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    My wife is type 1 (insulin dependant) and has been for 25 years now since her teens. Anyone diabetic may or may not know about DKA (diabetic ketoacidosis) Despite my wife being a long term diabetic we had not heard the term until last christmas so here's a few words about what happened.

    My wife, Andrea, was feeling ill the weekend before christmas, sickness and flu like but not too bad. On the monday she felt worse and spent the day wrapped up on the sofa to keep warm. monday night when I got in from work she was still groggy, sick a couple of times during the evening and decided to spend the night on the sofa with her bucket. I woke up tuesday morning, went downstairs, no sign of her looked around and found her in the spare room, on the floor unconcious

    Thought she'd hypo'd (blood sugars low) but no way to get glucose into her as she was out cold. Fretted about, found her acucheck blood sugar meter and did a test. Found her sugars were off the scale, not low but way high. Called 999 and a first responder paramedic arrived he assessed her as critical and called for an ambulance to attend sharpish. Took a while as this was when we had snow.

    she was taken to Gloucester royal hospital, me following and assessed at A&E, I was taken into a little room and told to use the phone and call anyone who needed to know, she was very critical and could die. Luckily the doctors managed to stabilise her and she began to respond after a couple of hours, she was transferred to their high dependancy unit and was in a diabetic coma for a week followed by 2 further weeks recovering in hospital. Luckily, because the weather was so cold and the heating wasn't on overnight at our home she had gone hyperthermic which shut her body down. That alone saved her from at least brain damage and at most saved her life.

    Until that time keytones had never been mentioned to her. They can build up very quickly, especially when diabetics are ill. If you are diabetic make sure you check your sugars regularly, if you are often in double figures with high sugars you are at risk from DKA and it can quickly become life theatening. The drop with Andrea was so sudden we nearly lost her in a matter of hours. Your diabetic clinic can give you a keytone test kit. It's as simple as dipping a test strip into a urine sample. Ask for one and if you get ill with a flu virus or other bug, test yourself. It takes seconds and might be the thing that saves your life.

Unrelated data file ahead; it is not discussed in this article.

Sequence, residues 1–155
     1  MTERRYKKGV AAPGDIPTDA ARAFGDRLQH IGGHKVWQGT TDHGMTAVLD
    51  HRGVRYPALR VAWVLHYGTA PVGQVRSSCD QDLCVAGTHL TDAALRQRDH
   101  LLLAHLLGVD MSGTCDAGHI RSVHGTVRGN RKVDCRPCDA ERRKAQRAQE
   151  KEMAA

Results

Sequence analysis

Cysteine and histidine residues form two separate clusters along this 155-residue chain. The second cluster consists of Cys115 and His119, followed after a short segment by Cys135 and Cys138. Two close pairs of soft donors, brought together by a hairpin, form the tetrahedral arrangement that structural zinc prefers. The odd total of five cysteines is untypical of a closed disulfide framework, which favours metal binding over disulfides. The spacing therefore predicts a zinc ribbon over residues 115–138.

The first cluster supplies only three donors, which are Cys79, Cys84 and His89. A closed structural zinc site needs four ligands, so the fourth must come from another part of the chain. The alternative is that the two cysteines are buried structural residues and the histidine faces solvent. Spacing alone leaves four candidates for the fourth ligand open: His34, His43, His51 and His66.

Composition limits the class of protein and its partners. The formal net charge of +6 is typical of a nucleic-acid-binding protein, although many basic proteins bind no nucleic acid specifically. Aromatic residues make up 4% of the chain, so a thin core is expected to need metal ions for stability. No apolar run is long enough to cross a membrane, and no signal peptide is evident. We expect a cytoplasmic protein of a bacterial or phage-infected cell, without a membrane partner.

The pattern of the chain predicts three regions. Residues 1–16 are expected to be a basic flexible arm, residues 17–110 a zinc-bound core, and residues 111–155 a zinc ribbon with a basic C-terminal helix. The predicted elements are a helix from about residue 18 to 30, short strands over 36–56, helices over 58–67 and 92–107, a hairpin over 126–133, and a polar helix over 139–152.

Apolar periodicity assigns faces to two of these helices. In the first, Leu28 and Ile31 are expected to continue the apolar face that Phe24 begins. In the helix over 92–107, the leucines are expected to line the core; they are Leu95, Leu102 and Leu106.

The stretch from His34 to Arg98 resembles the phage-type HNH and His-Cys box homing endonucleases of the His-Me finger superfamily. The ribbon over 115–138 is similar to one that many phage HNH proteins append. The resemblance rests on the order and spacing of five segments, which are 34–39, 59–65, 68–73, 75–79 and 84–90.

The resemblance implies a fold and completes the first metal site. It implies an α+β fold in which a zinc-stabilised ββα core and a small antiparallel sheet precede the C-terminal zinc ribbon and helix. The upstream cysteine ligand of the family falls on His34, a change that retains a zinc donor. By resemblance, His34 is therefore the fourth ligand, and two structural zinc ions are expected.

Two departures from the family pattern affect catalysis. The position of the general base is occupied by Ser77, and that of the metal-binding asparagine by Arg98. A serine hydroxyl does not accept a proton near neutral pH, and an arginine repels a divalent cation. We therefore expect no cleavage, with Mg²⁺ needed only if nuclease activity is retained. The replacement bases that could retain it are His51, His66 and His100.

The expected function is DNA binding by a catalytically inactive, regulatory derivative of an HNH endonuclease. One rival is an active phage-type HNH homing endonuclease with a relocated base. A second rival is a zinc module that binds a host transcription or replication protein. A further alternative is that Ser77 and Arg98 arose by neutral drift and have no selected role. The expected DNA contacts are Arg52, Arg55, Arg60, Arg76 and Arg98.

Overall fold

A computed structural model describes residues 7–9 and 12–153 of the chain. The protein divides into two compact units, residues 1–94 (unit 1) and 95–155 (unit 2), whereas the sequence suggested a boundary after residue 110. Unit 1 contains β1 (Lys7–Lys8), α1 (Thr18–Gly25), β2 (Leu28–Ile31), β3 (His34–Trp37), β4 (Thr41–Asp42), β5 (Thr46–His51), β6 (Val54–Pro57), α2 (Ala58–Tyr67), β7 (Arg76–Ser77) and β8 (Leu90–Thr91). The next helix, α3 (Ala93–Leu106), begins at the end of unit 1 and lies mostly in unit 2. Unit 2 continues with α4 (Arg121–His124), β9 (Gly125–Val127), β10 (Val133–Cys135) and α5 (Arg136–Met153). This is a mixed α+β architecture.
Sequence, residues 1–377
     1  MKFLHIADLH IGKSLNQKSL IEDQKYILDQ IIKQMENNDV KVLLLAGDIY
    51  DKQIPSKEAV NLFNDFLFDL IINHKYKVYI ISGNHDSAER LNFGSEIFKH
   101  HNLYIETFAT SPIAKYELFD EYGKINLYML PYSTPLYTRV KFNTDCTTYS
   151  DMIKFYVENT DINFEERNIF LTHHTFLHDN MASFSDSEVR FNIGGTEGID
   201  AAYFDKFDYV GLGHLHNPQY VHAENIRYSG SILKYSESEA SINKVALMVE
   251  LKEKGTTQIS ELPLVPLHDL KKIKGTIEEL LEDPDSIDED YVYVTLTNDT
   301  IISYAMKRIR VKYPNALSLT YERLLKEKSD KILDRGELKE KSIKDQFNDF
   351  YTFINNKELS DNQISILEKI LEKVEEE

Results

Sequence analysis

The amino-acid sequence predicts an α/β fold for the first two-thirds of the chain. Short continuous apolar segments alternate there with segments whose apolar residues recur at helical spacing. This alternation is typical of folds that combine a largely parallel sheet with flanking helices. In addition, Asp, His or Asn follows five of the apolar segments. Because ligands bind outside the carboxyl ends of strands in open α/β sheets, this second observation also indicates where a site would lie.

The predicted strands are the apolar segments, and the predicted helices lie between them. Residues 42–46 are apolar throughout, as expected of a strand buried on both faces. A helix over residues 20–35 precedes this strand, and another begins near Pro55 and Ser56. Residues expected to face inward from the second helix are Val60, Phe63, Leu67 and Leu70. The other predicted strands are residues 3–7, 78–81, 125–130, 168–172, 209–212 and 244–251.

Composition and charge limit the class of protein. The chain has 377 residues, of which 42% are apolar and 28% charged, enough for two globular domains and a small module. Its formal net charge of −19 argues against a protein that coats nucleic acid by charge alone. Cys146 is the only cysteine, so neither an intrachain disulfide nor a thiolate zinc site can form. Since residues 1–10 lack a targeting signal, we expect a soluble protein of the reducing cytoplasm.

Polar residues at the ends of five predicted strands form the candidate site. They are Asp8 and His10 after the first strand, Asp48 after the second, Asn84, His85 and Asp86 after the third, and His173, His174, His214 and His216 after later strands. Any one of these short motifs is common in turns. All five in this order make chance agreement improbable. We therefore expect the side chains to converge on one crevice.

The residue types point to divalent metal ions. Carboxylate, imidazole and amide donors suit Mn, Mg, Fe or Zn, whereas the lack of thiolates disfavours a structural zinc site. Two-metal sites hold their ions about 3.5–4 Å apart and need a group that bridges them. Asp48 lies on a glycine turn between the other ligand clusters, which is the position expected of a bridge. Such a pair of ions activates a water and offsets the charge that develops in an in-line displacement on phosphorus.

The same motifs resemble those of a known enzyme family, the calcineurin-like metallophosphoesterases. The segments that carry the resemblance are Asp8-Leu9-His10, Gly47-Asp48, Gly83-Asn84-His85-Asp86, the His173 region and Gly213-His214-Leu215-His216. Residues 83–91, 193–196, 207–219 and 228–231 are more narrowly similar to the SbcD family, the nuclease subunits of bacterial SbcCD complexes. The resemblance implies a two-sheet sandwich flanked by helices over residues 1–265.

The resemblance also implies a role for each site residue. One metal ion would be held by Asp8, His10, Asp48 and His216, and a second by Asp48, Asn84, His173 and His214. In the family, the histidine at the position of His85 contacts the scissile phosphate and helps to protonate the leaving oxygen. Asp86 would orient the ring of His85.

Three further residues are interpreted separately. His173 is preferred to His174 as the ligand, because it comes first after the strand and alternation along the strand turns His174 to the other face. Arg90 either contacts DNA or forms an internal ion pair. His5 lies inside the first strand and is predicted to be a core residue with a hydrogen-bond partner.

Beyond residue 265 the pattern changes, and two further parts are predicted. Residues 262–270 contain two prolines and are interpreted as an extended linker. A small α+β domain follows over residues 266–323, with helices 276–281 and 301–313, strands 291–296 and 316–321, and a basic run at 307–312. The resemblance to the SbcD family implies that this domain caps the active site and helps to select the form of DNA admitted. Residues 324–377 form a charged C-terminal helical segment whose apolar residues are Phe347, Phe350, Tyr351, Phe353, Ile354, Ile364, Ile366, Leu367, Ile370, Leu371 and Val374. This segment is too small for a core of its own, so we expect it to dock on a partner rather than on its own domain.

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    I have a collegue who was diagnosed with it 6 years ago, he believes he has had it longer but did'nt know about it until his Pilot's medical found keytones in his urine. Uncontrolled sugar levels can lead to the small blood vessels in your eyes and kidneys becoming damaged, amongst other problems, and will be life threatening if not treated.

    He has had laser work on the eyes to prevent the bleeding, also his kidneys are working at 60% of their normal rate, they are damaged but the drugs have stabalised them for now. Remember prevention is better than the cure, watch the sugar levels but don't go too low either.

    Also you should report this to the DVLA and your insurance company. If you have an accident and they find out you are Diabetic, they won't pay out. You can lead a fairly normal life if you keep this is control.

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    Regular Member SignumPhil's Avatar
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    I've been type 2 for 5 years now. I was first diagnosed when I went for my regular cholesterol check, and the doctor asked me how I was. I said I was exhausted, and she ticked another box on the form to check my blood glucose. A few days later, I was officially a diabetic.
    I managed until recently with diet and exercise, but I've just been prescribed Metformin to keep it down.
    It's not the end of the world. Grab a copy of a book called "Type 2 diabetes -the first year" It has loads of useful information in it.
    It's easy to get fed up when you've been diagnosed -especially when you're trying to buy travel or life insurance but you can live pretty much as normal with a careful eye on your diet and lots of exercise.
    My regime is dictated by a Tibetan Terrier! (see attached) She doesn't let me not get exercise
    Mind how you go -PM if you want to chat about it.

    Phil